Google Play Protect, a malware protection system that comes pre-installed on official Android devices, has blocked more than 1.9 billion malicious app installs that originated from unofficial (non-Google) sources in 2019, such as third-party app stores.
The number is up from 1.6 billion, reported in 2017 and 2018.
The rise in this number suggests two things. First is that Play Protect is better at detected and stopping malware than it was in previous years.
Second, it can also mean that more Android users are being tricked into installing malware-infected apps from outside the Play Store, or are now using third-party app stores to get their apps as they’re being blocked from accessing the official store.
Play Protect has improved in the past three years
The ability to detect scan and detect malware in non-Google app installs is a recent feature of the Android OS, one that was added in May 2017.
Before that, users would often end-up installing malware-laced apps from third-party app stores, adult sites, online gambling sites, or various other sites.
To counteract this rising trend, in May 2017, Google launched Play Protect as a new feature that they built right into the official Play Store app.
In its current form, Play Protect has multiple features and functions, but it effectively works as a built-in antivirus program for Android devices that have received a certification to run official Google apps.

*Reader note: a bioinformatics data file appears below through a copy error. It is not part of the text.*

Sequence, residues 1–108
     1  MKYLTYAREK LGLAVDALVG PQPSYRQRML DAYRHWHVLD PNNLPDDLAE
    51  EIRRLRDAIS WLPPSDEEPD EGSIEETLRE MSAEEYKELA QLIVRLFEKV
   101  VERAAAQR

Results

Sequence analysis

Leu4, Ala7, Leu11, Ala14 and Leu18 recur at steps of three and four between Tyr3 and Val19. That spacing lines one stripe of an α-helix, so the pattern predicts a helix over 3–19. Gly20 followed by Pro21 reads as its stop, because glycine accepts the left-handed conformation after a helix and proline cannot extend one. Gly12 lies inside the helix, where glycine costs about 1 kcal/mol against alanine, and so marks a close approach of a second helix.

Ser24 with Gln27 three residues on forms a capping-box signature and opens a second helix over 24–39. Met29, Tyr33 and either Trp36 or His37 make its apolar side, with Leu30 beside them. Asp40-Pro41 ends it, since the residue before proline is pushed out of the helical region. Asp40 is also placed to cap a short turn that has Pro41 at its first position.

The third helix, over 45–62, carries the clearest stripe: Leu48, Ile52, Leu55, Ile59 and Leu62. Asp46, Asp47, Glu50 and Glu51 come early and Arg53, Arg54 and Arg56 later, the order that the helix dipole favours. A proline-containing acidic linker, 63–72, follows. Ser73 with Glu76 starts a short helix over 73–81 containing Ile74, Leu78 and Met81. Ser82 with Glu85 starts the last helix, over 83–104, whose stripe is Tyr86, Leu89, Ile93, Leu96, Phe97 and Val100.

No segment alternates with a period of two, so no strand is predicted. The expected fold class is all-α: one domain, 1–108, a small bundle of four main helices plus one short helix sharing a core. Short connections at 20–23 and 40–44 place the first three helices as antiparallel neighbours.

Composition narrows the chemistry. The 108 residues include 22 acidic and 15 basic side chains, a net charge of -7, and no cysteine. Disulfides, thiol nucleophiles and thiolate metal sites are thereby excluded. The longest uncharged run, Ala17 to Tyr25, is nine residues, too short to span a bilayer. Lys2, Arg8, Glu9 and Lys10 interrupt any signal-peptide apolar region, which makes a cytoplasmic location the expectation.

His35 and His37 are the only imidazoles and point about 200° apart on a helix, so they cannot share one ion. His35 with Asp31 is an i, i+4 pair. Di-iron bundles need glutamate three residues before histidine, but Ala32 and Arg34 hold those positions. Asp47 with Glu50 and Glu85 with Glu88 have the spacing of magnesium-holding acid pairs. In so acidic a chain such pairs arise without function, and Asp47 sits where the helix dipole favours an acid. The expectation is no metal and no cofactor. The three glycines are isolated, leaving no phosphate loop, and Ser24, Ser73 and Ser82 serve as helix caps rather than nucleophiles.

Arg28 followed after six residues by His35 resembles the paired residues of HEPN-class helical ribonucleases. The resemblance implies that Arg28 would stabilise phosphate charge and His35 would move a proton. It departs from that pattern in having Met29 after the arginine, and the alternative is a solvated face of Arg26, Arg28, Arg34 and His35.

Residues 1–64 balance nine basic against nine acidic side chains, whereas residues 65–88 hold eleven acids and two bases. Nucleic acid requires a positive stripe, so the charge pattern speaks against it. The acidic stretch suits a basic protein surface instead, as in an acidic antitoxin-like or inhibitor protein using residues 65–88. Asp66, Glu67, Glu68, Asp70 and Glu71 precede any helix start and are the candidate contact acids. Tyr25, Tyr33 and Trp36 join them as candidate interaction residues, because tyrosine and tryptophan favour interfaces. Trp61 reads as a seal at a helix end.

By default, Play Protect will (1) scan all the apps installed on a device at regular intervals to make sure app updates don’t install malware behind a user’s back; (2) scan new app installs originating from the Play Store; but also (3) scan new app installs that originate from any third-party sources.
In 2017, Google said Play Protect scanned 50 billion apps per day, a rate which it maintained throughout 2018 as well.
However, in November 2018, Google added a major upgrade to the Play Protect service by enhancing its database of known malware (PHA, potentially harmful apps) samples.
It did this by beginning to proactively scan the entire internet for APK (Android app) files and index malicious apps, instead of passively waiting until users stumble upon a bad one, like it did before.
Nowadays, Google says Play Protect’s daily scan rate has doubled. In a review of its Android security program, published today on Safer Internet Day, Google said that Play Protect now scans over 100 billion Android apps per day.
The rise in daily scans equates to Android’s ever-growing userbase, but also to an improvement in device storage, allowing devices to store more apps than before.
In the future, Play Protect’s ability to detect bad apps is expected to go up even higher than 1.9 billion. This is because the service got a major boost in November 2019 when Google joined efforts with ESET, Lookout, and Zimperium to create the App Defense Alliance, a partnership to improve malware detections for the Play Store and Play Protect.
Google said Play Protect currently runs on more than two billion Android devices.